Any time a worker becomes unemployed during a recession, he or she may need to draw down savings or investments to cover expenses. That problem compounds for workers nearing retirement because they have fewer years ahead to recoup those savings.
Financial advisors need to help these clients with their retirement planning. A job loss for a person nearing retirement may result in cuts to lifestyle expenses or downsizing the dream for the golden years. In fact, workers over age 55 may be at greater-than-average financial risk due to the current economic downturn, according to a recent report.
A report from the Schwartz Center for Economic Policy Analysis at The New School found that 2.9 million workers ages 55 to 70 have left the labor force since March.
“These workers are at risk of having to retire involuntarily due to increased health risks coupled with decreased job prospects,” according to the study.
Researchers note that if these exits continued at the same pace over the ensuing three months, an additional 1.1 million workers in this age group may leave the workforce. That would be a total of 4 million people potentially pushed into retirement due to the pandemic’s related economic downturn.
Health Concerns Among Reasons
Charisse Mackenzie, president of Saturn Wealth in Gilbert, Arizona, says many of her clients chose not to return to the workplace due to fear of contracting the coronavirus.
“Several of them found that they did not want to commute anymore and did not want to return to the office in person,” she says. “Many clients were offered buyouts to encourage them to retire earlier than anticipated, which many accepted.”
Jeannette Bajalia is the founder and president of financial planning firm Woman’s Worth, as well as president of investment advisory Petros Financial Group, which are both based in Florida.
Bajalia sees regional differences among her clients when it comes to early retirement this year.
“We have offices from north Florida to central Florida, and what I’m seeing is that there are more forced retirements in the central Florida area,” she says. “That region has been more impacted by COVID-19 because it’s primarily a hospitality and entertainment industry, with Universal Studios, Disney and all surrounding hotels.”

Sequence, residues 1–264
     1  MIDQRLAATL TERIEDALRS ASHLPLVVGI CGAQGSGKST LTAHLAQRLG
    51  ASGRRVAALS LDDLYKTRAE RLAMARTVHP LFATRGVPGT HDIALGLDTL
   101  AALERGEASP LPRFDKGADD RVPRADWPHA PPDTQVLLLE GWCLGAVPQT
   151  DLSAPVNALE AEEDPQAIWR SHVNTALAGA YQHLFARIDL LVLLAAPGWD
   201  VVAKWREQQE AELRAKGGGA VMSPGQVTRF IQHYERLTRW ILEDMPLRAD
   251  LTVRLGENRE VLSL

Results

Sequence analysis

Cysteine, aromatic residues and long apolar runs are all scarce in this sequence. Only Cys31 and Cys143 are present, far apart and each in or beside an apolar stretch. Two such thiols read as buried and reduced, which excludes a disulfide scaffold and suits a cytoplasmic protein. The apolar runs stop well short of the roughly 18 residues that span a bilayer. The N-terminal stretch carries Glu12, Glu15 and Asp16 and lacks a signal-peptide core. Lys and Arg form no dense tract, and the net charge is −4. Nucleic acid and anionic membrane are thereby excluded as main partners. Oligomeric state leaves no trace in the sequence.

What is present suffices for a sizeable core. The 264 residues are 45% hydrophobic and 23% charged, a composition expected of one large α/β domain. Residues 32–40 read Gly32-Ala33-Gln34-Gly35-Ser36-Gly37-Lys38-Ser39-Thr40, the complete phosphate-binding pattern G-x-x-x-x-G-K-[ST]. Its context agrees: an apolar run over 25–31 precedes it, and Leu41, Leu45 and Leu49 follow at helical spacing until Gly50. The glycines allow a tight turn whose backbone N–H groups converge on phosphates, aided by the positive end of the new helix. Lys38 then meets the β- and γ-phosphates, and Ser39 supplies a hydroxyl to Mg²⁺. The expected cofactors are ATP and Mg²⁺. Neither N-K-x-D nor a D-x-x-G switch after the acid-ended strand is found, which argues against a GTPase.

On the other hand, a number of her clients postponed a planned retirement because they felt less pressured during the work-from-home era. She cites commuting as a source of stress that was eliminated for many.
Of course, in any type of economy people have various reasons for deciding to retire or not. That’s been true during the pandemic as well. It is important to realize that not all are affected equally by the virus, says Bob Kaye, wealth manager at Retirement Planning Associates in Sherman Oaks, California.
“Many employees or companies are affected little or not at all,” he says. “Witness the highs of the current stock market as representing corporate profits. There is of course a percentage who are very affected and could lose their job or be laid off or furloughed.”
He gave examples of employees in the restaurant or beauty industries who may be unlikely to take early retirement voluntarily, as they may have insufficient funds to cover retirement expenses.
Emotional Aspects Can’t Be Overlooked
The retirement decision is generally emotional. Even employees who looked forward to retirement often miss the camaraderie of the workplace or the feeling of having a purpose.
Mackenzie says economic-related retirements may feel different than planned retirement, as there is a loss of control over the timing. Even if the emotional factors are different, the mechanics of retiring can remain the same.